Creativity, Passion, and the Entrepreneurial Spirit
Name any business that has changed the world in the past ten years, and you’ll find a common core. While they might address different customer needs with different products and services, they overlap in the passion their founders brought to bear in their formation, and the energy that still pulses through them today. Whenever we create a graphic recording for folks like Jeff Bezos or Bill Gates, we are struck as much by the personal enthusiasm they bring to their work as we are by their intelligence or business savvy.
At ImageThink, we are true believers in the importance of work that moves you. And we’re passionate about the power of visual thinking to help you find it. In Draw Your Big Idea, ImageThink cofounders Nora Herting and Heather Willems drew on their own experience as entrepreneurs to give readers the visual toolkits they need to map their big ideas from ideation through execution.
Whether you’re an aspiring entrepreneur or simply looking to find new energy in your current position, here are a few visual exercises to unearth what drives you… and the ways it can support a business.
Reconnect With What Moves You
In the day to day hustle, it’s easy to lose sight of what motivates you on a personal level. But finding time to reconnect with what gets you up in the morning, and finding ways to integrate it into your daily tasks, will only make you shine brighter on a professional level. It will invest meaning into your workload in a way that simply aiming to reach a number or quota can’t. And it can keep you from feeling burned out at the end of the day, because you’ll feel enriched by your work rather than drained by it.
While creative endeavors are often painted as separate from business results, we believe that incorporating creative skillsets into your work life can greatly improve both. You might be surprised by the way that your interests can serve in your career.
Inspired to write? Bring your literary skills to the company newsletter or blog.
Graphic design aficionado? Create a visual pipeline for your company’s sales process.
Having trouble finding your core motivators? Oftentimes what motivates us sits between what we love and what challenges us. Use the chart above, from Draw Your Big Idea, to uncover the parts of your day that both inspire and challenge you.
Learn What Energizes You
There’s not a job in the world that doesn’t have its dull moments or its share of tedium. But identifying the tasks that give you energy, and splicing them into your day at strategic moments, can help you take a break while still getting important work done.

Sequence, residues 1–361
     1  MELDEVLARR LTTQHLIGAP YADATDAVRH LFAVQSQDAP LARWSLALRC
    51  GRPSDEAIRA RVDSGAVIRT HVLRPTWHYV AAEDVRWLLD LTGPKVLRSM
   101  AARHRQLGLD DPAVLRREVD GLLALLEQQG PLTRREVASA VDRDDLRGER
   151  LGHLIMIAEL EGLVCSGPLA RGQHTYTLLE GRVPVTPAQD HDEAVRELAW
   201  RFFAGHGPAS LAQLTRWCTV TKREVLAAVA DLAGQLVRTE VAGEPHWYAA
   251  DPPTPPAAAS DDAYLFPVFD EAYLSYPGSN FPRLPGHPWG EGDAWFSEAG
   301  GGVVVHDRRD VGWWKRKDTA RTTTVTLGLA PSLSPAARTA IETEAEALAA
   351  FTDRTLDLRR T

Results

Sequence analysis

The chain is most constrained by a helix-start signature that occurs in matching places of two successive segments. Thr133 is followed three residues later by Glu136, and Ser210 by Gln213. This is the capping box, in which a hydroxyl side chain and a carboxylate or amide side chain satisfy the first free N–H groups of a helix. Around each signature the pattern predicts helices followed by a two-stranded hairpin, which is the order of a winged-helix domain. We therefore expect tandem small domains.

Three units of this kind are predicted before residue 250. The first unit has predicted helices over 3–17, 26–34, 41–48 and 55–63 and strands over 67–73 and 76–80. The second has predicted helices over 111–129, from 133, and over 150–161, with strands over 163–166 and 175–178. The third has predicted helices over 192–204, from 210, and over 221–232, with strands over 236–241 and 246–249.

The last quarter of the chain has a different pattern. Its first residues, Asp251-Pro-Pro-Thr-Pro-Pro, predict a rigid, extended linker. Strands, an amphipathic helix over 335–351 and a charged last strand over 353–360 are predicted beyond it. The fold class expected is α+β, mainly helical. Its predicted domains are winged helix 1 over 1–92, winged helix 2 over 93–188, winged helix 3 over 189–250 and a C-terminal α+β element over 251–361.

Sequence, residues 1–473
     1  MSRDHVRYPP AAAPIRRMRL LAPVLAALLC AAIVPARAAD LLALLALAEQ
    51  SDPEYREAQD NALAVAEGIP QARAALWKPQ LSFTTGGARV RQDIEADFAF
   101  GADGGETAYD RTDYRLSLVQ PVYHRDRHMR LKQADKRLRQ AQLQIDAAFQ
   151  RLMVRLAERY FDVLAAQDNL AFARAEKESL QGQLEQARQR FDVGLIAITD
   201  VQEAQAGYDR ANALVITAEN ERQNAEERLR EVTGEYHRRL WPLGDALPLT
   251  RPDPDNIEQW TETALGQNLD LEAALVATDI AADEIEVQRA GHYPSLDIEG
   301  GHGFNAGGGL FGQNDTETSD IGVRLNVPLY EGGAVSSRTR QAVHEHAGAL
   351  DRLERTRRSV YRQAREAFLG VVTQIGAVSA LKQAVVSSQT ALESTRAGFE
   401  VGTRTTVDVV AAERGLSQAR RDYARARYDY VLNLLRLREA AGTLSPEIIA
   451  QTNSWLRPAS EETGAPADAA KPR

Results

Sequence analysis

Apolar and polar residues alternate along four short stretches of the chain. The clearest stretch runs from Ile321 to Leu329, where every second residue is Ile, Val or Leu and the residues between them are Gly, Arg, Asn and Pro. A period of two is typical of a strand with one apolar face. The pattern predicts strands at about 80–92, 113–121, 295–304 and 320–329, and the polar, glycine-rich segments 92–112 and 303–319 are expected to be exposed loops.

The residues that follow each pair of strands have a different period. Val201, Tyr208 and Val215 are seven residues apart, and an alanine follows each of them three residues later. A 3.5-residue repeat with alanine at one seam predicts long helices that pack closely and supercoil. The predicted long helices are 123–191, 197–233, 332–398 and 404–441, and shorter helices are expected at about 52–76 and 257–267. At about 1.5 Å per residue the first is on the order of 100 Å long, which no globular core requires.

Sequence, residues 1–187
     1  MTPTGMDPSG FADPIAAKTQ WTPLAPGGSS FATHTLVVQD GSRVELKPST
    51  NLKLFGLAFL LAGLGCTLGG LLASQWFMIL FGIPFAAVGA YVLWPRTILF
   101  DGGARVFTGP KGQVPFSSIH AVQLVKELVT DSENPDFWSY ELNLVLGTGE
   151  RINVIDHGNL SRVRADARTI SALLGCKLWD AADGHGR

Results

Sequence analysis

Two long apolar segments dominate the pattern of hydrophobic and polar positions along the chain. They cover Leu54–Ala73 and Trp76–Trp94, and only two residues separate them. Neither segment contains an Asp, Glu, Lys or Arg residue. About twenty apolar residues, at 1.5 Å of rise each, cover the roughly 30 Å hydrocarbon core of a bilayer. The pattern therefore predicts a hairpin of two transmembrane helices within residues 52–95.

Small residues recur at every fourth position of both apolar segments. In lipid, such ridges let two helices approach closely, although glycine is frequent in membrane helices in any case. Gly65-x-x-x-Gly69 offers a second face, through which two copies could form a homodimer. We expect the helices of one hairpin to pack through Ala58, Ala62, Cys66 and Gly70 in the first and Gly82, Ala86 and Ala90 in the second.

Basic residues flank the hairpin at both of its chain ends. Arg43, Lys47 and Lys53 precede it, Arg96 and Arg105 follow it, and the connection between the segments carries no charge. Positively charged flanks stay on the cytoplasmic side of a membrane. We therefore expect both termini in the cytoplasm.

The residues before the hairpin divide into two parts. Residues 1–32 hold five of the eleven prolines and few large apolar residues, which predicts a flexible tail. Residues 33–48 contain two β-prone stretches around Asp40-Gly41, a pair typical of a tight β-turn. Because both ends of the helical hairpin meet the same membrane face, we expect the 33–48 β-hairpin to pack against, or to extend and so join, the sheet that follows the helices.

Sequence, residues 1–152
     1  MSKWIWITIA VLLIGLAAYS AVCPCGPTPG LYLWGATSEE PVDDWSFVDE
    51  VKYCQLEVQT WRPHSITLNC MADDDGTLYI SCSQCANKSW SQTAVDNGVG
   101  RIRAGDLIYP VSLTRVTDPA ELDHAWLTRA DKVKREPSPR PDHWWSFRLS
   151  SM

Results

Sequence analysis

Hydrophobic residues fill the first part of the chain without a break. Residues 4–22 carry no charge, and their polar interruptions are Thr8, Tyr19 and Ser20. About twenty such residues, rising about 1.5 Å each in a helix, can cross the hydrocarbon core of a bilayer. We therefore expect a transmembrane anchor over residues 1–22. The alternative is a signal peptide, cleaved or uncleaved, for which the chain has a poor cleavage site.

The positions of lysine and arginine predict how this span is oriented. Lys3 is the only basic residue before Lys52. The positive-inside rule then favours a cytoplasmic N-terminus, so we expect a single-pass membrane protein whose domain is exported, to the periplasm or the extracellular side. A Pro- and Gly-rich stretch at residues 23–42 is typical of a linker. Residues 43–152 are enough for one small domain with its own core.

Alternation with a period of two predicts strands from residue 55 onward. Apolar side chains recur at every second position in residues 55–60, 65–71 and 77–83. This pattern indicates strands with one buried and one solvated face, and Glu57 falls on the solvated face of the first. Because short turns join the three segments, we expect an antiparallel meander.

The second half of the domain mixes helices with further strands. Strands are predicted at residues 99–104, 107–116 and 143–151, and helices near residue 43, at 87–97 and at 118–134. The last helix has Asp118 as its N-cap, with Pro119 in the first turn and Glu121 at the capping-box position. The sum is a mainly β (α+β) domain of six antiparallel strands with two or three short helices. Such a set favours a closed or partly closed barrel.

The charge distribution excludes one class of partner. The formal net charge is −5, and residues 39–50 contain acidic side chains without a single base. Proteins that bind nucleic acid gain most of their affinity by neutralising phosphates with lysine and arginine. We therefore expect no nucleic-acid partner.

Not sure where your energy comes from? To improve the quality of your day, sometimes it’s important to take a quantitative approach. Whether by hand or by excel, list your day out by the hour, with two columns running beside it. In one column, keep tabs on the task you’re completing. In the other, mark your energy level from 1-5 before starting the task, and once it’s completed. You’ll soon get sense of which responsibilities leave you feeling rejuvenated, and which leave you feeling drained. And while you might not be able to get rid of the latter, you’ll at least be able to plan your day strategically to keep your flow going strong.
It’s important to clarify what activities are not aligned with your passion or long term strategy.
Define What Doesn’t
On the note of tasks that leave you feeling less-than-thrilled, it’s important to know which tasks may be best shared with a trusted colleague or delegated altogether. Articulating what drains you can help you figure out solutions that will keep you focused on the things that you like to do, or approach undesirable tasks in a different way that might produce meaningful results.
While it may feel like you’re conceding in what you’re capable of doing, what you’re actually doing is creating room to grow and giving yourself permission to do so in a way that feels rewarding and enriching.
Find The Why
Getting to the “why” or the underlying value is something that may require some time travel. What were some of the things that excited you as a child, when you didn’t the burdensome filters of adulthood that kept you from what energized you? What did you want to do and be at that point in your life?
Try to think about what some of the underlying reasons are behind the answers from your younger self. Did you want to help people? Were you interested in being an entertaining center of the room? Perhaps you wanted to be at the helm of building something that would change the world as we know it.
Take inventory of what the “why” is for different stages of your life- did they change? Is there a running constant? Getting to some of these insights will help you articulate what you can bring to the lives of your customers, colleagues, and the world at large.
Reconnect With Your Passions And Make Your Ideas Concrete
In Draw Your Big Idea, ImageThink cofounders Nora Herting and Heather Willems provide over 100 drawing exercises that help you sharpen your vision and chart your path for the strategy that will lead to growth in your entrepreneurial projects.